Well, I am not sure that this ebook makes the case for both of them to be History’s Most Powerful Couple. Caesar is presented...moreCrossposted at Booklikes.
Well, I am not sure that this ebook makes the case for both of them to be History’s Most Powerful Couple. Caesar is presented in more solid detail than Cleopatra. For instance, Cleopatra’s arrival is the standard carpet story, but apparently she was naked. It is okay.(less)
Cleopatra has been fastinating people ever since she took the throne, and she didn't even have a modern PR person. This book was the companion to the...moreCleopatra has been fastinating people ever since she took the throne, and she didn't even have a modern PR person. This book was the companion to the National Geographic travelling show, which I did not see.
First, the pictures are stunning. It's worth the cost of the book alone. Nice underwater photos. Beautiful.
However, the infromation about Cleopatra is very general and highlights her sexuality more than her political presence. I lost count how many times "pleasure palace", "lover affair", "beautiful" were mentioned. It is unclear if this is the authors' own leanings, (Both Hawass and Goddio wrote parts of the book)or if it was done as marketing, which seems more likely.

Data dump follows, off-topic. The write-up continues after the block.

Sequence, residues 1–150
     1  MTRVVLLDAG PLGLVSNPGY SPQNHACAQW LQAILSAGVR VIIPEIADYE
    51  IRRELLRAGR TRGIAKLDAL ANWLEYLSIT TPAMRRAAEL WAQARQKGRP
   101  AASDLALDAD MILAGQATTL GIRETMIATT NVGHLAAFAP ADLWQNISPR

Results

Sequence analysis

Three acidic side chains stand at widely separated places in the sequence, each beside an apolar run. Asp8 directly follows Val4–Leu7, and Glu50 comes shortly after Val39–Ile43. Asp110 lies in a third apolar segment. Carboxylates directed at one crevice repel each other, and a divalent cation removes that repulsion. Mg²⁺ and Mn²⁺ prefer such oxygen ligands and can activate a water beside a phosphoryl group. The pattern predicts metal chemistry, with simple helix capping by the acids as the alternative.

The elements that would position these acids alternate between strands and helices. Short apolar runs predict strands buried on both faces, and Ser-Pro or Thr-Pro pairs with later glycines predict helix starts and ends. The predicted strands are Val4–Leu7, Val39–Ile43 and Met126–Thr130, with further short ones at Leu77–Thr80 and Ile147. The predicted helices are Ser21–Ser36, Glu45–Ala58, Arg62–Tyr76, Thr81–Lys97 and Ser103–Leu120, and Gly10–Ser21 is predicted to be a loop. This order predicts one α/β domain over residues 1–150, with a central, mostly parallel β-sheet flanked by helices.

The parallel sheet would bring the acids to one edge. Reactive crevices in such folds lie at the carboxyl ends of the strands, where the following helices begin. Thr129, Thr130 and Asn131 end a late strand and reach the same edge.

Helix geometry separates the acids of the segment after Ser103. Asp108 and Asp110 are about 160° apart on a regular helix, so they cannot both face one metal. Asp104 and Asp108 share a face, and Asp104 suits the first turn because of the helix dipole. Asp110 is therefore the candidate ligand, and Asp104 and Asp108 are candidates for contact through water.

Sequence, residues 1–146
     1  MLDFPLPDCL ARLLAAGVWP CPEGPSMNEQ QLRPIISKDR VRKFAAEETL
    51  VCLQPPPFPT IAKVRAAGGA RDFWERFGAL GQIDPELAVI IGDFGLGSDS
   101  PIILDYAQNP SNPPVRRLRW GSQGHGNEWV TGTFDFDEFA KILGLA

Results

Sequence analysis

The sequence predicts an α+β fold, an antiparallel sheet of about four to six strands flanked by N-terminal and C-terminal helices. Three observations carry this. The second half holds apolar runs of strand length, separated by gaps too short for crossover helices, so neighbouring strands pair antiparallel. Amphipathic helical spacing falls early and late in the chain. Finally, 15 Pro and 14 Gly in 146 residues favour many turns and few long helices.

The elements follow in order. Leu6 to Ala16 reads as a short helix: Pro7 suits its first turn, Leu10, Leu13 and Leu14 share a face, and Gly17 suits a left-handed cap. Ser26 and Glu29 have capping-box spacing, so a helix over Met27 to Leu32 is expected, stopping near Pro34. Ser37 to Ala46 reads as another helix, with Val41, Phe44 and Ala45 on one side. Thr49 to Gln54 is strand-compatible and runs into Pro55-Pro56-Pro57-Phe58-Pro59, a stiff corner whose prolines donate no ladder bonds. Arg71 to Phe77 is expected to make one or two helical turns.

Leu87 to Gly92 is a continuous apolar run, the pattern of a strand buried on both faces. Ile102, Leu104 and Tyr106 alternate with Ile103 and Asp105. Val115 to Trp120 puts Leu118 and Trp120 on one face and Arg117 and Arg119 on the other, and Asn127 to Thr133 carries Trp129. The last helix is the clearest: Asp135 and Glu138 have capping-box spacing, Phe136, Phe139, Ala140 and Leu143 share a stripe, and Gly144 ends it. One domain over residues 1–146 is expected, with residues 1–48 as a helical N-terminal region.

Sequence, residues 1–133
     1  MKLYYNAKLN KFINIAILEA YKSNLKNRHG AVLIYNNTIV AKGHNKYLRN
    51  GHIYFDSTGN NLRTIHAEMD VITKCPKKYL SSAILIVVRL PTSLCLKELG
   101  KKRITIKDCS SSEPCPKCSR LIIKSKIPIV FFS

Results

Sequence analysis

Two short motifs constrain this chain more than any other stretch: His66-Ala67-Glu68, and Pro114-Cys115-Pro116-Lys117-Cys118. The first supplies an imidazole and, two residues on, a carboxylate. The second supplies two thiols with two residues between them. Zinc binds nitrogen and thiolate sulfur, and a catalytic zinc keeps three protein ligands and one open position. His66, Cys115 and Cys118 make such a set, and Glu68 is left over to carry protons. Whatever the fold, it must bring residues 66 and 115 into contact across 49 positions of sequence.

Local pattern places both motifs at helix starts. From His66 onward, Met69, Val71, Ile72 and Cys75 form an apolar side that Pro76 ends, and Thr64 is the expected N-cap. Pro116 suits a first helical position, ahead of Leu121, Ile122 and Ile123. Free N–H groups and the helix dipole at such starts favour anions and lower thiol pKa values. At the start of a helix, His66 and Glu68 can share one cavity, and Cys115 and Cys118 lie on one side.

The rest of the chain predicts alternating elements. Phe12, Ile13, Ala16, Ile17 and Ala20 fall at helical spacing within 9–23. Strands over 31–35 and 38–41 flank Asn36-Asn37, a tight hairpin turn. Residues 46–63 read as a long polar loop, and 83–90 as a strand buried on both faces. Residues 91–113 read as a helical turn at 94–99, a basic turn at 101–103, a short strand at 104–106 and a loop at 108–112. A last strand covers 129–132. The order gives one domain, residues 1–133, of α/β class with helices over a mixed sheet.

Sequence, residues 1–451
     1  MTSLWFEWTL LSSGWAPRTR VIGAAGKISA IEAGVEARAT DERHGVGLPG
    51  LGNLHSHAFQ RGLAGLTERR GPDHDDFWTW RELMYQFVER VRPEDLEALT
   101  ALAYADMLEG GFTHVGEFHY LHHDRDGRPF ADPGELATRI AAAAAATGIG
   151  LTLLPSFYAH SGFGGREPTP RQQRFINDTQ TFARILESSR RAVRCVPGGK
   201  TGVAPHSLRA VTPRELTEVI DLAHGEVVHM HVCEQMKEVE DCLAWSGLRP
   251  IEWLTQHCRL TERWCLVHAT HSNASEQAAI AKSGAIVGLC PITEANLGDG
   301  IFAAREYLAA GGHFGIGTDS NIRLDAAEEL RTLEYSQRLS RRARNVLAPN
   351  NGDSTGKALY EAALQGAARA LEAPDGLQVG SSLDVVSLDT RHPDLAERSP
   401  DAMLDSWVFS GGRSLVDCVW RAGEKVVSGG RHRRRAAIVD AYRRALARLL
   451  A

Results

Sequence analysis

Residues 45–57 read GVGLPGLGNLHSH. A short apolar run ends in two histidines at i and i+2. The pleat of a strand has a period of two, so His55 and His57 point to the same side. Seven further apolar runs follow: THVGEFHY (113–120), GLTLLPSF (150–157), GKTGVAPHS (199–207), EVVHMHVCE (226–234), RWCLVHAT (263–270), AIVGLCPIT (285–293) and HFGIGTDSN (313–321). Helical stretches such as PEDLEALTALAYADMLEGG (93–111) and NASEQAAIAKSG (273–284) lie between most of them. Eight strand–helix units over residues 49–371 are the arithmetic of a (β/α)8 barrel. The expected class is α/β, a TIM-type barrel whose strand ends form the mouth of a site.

It seems that a good part of the book is to argue that Cleopatra is buried at Taposiris Magna. This theory was first put forward by Kathleen Martinez who, interstingly, doesn't have a piece here. Why? Hawass gives her credit, he gives her alot of credit, so why not have piece by her in this book? Because she would focus on Cleopatra's brain and not her body?
Maybe, but that omission is what makes me give the book three stars. Yet the price for the book is well worth it just to look at the amazing pictures. (less)
I really wanted to like this book; I really truly did. Maybe it's me. Yes, that's it. I'm sure it's me for I never, ever saw Cleopatra as such a weak...moreI really wanted to like this book; I really truly did. Maybe it's me. Yes, that's it. I'm sure it's me for I never, ever saw Cleopatra as such a weak willed victim. And stupid. I don't see her as stupid.
Either Neil Gaiman has very different tastes than me or something.(less)
John Knox, who according to a suscept legend is buried beneath a car park in Edinburgh, managed to anger every single woman ruler of...more3.5 stars, really.